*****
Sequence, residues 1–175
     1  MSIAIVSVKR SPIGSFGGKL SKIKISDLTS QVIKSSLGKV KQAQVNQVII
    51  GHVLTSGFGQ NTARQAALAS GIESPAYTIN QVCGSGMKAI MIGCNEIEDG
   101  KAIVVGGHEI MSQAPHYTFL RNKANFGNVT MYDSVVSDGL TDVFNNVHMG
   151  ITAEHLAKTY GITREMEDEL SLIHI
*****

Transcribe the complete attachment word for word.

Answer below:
Sequence, residues 1–175
     1  MSIAIVSVKR SPIGSFGGKL SKIKISDLTS QVIKSSLGKV KQAQVNQVII
    51  GHVLTSGFGQ NTARQAALAS GIESPAYTIN QVCGSGMKAI MIGCNEIEDG
   101  KAIVVGGHEI MSQAPHYTFL RNKANFGNVT MYDSVVSDGL TDVFNNVHMG
   151  ITAEHLAKTY GITREMEDEL SLIHI